Ever responded in haste to an e-mail and regretted it?  Next time you feel that way, write your reply in anger and stick it in the ‘outbox’.  Sleep on it and go back to it the next day.  You’ll probably re-read it and amend it to sound more conciliatory.  This is the gap between stimulus and response and can be enormously powerful in building better relationships.

By being proactive in this way, you are more control of the things you can influence.  Covey uses the concept of a circle within a circle; the circle in the middle is the circle of influence (with you in the middle) and surrounding that is the circle of concern (things over which you have no control).  For example, your relationships with others might be in your circle of influence and climate change might be in your circle of concern.  But the more things you can bring into your circle of influence (and therefore expand it), the more effective you become.

So there you are peeps.  We’re off the starting block and we’re well on the way to succeeding in the private victory – the self-mastery bit (you may remember that from the last blog).

In the next blog, we’ll cover habits 2 and 3 which will complete the private victory.

Happy habiting.


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Are you well?

Hi folks. I hope this blog finds you well.  No I mean it; really.  I know people say it as a turn of phrase, but I genuinely mean it.  You see I have realised how important it is to stay fit and well, healthy and happy.  Again, I know people say that and as I write it, it sounds like common sense, right?  But do we really stop and think about what that actually means and more importantly, how we can make it happen?

I was recently fortunate enough to have been on the signature programme for Stephen R Covey’s “7 Habits of Highly Effective People”.  I also feel privileged to have been accredited as a ‘facilitator’ for the programme, which is very exciting.  Some of you who know me or have read some of my previous blogs will have heard me speak about this excellent course and book.  I can’t lay claim to it having changed my life (yet) but I can feel something is changing for the better and it feels great.  For now, let’s call it ‘potential‘.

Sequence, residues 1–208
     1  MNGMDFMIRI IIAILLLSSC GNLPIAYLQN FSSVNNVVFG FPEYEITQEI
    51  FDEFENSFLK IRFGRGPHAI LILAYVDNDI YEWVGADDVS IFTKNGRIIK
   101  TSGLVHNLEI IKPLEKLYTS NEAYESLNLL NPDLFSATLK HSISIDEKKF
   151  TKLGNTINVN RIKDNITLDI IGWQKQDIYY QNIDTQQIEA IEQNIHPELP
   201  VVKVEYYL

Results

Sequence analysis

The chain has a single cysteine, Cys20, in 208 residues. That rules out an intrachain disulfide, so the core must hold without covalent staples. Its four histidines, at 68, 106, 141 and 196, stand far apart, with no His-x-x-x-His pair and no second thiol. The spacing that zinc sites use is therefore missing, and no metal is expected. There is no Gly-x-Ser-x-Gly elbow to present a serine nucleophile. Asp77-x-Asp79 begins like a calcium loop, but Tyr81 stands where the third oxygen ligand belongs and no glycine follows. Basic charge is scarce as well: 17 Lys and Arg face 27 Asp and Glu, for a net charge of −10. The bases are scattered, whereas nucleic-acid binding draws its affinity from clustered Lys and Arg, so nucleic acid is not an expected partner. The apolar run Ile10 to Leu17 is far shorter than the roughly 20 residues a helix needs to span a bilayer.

Stephen Covey himself freely admits that none of his book is his original work.  All he has done (I say ‘all’ like he knocked it together in a few days; it took him years of research) is gather together ideas and knowledge from amongst those he believes to be effective at building relationships with others.   After all, that’s how we thrive and survive in this world, right?  Covey has identified 7 key mindsets or behaviours, or ‘habits’ (in as much as you have to learn some aspects of them to the point where they’re natural and you don’t think twice about them) which if used frequently will enable you to build effective and lasting relationships with friends, family, colleagues and others.  This in turn gives you meaning and purpose in your life and gives you a greater sense of belonging and well-being.

To get you thinking about why it is important to learn new habits, try this simple exercise.  Without thinking about it fold your arms and note which arm is naturally on top.  OK now unfold your arms and re-fold them but with the OTHER arm on top.   How does it feel?  A bit odd?  Unnatural?  Let’s suppose that exercise is a metaphor for behaviours which may feel a bit unnatural for you, but for building relationships can be really effective.   That’s what the “7 Habits” is all about. Empathic listening is probably the single biggest thing I have learned which has helped me in recent years and it’s probably a learned behaviour for many of us.  It certainly was for me!

In a nutshell, the seven habits are:

Habit One; Be proactive – the habit of choice i.e. we are the product of our choices.

Habit Two; Begin with the end in mind – the habit of vision i.e. we can live by design and not by default (this idea is used a lot in sports coaching and it’s very powerful)

Habit Three; Put first things first – the habit of managing time with integrity and execution (this has been the most helpful to me) i.e. we should put important (rather than urgent) things first.